If you are a rock fan of any stripe, you felt this one.
The news of the death of Rush drummer/lyricist Neil Peart came as a shock to many, who had long held out hope that the band would do one final run or at least one last show. They actually retired from the road in 2015, before finally bringing the curtain down as a band in 2018. At the time Peart had admitted to suffering from tendonitis, citing that as the primary reason for wanting to retire from road work. Only after his passing has it become known that he had been battling cancer for the past three years; the drummer was intensely private and swore his friends to secrecy about his condition.
Joining Rush soon after their debut album’s release (taking over from original drummer John Rutsey), the trio of Peart, bassist/vocalist Geddy Lee and guitarist Alex Lifeson began to get recognition beyond their native Canada as their music evolved from Zeppelin-style hard rock into long-form progressive rock. For a while in the late 1970s you would always see denim jackets with intricately-embroidered recreations of the Rush symbol from ‘2112’ worn by rock fans of the time. Almost totally ignored by the mainstream, the band nonetheless attained, and sustained, success right up until their retirement. Their music evolved further, with the turn of the 1980s shorter, snappier songs began to supplant the progressive epics and the trio took full advantage of new technology, allowing them to perform their complex material live as a trio, without the need for additional musicians.
You didn’t need to be a devoted fan to recognise the band’s prowess; Lee regularly topped ‘best bassist’ polls in music magazine reader’s polls for many years, while Peart was cited as inspiration to many drummers, most notably Mike Portnoy who founded the Rush-influenced Dream Theater before founding Sons of Apollo. He was dubbed ‘The Professor’ for his mastery of the drums, although he left publicity to his two band mates preferring to stay in the background. He was known for travelling to shows alone, often taking to a motorcycle rather than travel on a tour bus, reasoning that he got to see more of the world around him that way. He suffered the loss of both his wife and daughter in quick succession during 1997, becoming all-but retired at that time as he took several years out from the band. He finally resumed his place with Rush in 2002, as the band toured their ‘Vapor Trails’ album to great acclaim.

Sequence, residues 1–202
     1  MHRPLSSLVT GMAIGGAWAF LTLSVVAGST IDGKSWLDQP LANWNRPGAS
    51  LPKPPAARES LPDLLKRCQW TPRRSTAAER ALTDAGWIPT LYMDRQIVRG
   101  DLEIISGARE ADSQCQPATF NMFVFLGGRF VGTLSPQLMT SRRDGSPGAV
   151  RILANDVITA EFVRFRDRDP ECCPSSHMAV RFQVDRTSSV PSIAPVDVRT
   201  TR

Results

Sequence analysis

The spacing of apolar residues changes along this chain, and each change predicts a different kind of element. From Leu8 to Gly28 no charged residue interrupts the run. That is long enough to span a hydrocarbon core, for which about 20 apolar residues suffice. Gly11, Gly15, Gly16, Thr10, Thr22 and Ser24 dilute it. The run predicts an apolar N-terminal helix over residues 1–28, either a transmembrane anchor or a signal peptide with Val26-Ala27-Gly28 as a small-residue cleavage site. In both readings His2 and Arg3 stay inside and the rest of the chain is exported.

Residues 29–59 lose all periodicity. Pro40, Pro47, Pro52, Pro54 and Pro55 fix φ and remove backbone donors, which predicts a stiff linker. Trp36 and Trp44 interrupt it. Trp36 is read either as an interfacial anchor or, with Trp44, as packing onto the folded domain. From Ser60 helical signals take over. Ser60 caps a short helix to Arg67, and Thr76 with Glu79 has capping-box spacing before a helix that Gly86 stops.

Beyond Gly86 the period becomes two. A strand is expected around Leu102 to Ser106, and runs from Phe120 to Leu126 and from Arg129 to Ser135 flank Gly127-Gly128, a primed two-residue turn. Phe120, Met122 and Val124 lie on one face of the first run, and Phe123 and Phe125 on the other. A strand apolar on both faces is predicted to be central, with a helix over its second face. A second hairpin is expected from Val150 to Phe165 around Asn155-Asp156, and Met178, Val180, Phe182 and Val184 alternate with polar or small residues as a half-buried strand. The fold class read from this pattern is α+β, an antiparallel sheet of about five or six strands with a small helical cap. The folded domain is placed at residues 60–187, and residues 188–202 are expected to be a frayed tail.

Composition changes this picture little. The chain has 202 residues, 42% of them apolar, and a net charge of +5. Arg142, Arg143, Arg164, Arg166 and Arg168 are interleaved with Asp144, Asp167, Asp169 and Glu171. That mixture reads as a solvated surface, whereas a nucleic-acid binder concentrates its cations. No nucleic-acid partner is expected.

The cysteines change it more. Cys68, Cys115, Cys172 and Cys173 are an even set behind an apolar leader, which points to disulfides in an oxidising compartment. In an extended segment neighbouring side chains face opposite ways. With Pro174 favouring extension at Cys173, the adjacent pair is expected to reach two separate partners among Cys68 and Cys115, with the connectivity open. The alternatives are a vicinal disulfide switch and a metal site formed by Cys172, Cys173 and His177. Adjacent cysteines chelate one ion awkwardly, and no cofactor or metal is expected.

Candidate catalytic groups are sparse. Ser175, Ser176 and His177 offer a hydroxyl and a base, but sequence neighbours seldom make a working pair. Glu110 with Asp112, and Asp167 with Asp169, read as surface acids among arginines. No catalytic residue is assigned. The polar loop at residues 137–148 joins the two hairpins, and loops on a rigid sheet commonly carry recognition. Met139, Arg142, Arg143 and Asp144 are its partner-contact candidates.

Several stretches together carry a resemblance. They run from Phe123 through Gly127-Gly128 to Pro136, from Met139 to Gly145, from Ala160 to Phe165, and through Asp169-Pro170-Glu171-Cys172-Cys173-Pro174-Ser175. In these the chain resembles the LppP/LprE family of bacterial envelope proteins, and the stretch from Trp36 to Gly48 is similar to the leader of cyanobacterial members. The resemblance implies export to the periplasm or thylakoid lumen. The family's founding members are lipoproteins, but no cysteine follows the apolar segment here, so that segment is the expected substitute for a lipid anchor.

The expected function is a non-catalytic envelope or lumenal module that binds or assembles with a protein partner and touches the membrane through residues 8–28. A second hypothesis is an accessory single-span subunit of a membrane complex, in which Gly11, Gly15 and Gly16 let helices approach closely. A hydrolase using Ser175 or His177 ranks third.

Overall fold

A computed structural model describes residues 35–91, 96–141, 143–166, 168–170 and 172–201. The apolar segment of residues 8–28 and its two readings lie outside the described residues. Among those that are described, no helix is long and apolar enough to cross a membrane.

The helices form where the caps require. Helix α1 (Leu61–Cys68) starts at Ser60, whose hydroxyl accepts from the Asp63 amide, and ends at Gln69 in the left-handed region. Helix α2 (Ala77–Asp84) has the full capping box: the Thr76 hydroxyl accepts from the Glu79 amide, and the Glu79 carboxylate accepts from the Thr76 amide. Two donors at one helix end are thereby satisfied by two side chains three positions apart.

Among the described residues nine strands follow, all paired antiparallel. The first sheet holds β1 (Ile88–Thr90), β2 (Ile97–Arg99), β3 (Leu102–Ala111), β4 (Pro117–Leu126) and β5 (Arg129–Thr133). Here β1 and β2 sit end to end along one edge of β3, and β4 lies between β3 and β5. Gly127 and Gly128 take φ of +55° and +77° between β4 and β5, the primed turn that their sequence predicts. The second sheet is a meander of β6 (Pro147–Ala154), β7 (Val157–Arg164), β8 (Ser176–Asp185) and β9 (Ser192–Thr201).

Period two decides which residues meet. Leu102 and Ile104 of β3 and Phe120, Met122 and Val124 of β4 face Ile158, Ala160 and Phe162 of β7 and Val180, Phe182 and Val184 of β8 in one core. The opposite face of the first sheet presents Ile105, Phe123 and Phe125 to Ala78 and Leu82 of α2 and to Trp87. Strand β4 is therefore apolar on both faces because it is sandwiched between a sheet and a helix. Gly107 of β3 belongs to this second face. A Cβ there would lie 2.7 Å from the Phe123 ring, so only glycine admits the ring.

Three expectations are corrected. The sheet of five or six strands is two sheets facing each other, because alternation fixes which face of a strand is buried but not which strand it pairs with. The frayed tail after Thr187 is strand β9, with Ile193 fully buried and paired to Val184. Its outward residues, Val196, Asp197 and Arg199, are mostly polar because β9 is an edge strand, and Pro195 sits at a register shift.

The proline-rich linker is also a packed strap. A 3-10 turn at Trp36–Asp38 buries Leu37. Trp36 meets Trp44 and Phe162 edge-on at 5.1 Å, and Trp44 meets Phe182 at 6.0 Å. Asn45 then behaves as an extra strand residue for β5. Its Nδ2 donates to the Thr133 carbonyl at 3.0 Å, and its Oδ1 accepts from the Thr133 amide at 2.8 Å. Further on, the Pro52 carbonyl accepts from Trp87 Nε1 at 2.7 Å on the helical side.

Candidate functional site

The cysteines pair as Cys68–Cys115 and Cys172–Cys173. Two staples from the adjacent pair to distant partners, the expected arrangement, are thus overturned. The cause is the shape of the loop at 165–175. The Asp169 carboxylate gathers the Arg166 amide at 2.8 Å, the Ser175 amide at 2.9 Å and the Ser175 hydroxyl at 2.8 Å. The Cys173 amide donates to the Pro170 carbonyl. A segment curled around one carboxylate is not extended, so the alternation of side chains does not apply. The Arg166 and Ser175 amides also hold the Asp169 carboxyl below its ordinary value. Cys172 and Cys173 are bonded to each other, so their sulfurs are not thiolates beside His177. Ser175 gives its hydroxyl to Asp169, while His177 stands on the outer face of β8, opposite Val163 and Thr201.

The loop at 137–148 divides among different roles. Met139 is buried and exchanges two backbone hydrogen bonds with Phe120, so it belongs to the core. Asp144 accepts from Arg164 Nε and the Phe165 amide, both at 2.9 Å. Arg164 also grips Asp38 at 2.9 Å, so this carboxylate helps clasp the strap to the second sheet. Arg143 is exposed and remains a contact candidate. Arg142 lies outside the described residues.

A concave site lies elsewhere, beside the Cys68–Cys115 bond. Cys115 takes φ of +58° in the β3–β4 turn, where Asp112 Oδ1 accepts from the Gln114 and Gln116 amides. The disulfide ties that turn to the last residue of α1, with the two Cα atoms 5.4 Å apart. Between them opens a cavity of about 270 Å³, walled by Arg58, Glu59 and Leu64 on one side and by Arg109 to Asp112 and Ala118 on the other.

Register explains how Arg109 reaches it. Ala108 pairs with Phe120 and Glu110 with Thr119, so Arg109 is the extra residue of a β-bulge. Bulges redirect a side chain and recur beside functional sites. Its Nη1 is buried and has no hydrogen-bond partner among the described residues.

Neil Peart leaves behind an immense body of work and remains a lasting influence on anybody who ever picked up a pair of drumsticks. His loss is a huge one, and impossible to overstate.
Some video to close this post: Rush ‘YYZ’ (Neil Peart cam) from Rio 2002:
Neil Peart solo from Rush R30 tour (viewed from above)
Neil Peart on David Letterman, 2011: